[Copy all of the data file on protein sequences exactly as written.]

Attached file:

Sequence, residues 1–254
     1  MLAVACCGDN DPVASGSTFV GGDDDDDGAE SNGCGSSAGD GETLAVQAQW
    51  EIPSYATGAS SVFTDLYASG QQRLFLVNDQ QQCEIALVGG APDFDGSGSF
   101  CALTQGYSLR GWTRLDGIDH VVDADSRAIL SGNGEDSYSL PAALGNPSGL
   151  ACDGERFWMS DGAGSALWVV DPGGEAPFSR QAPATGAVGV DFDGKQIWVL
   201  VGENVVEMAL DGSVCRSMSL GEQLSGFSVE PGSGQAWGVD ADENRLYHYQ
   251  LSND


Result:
Sequence, residues 1–254
     1  MLAVACCGDN DPVASGSTFV GGDDDDDGAE SNGCGSSAGD GETLAVQAQW
    51  EIPSYATGAS SVFTDLYASG QQRLFLVNDQ QQCEIALVGG APDFDGSGSF
   101  CALTQGYSLR GWTRLDGIDH VVDADSRAIL SGNGEDSYSL PAALGNPSGL
   151  ACDGERFWMS DGAGSALWVV DPGGEAPFSR QAPATGAVGV DFDGKQIWVL
   201  VGENVVEMAL DGSVCRSMSL GEQLSGFSVE PGSGQAWGVD ADENRLYHYQ
   251  LSND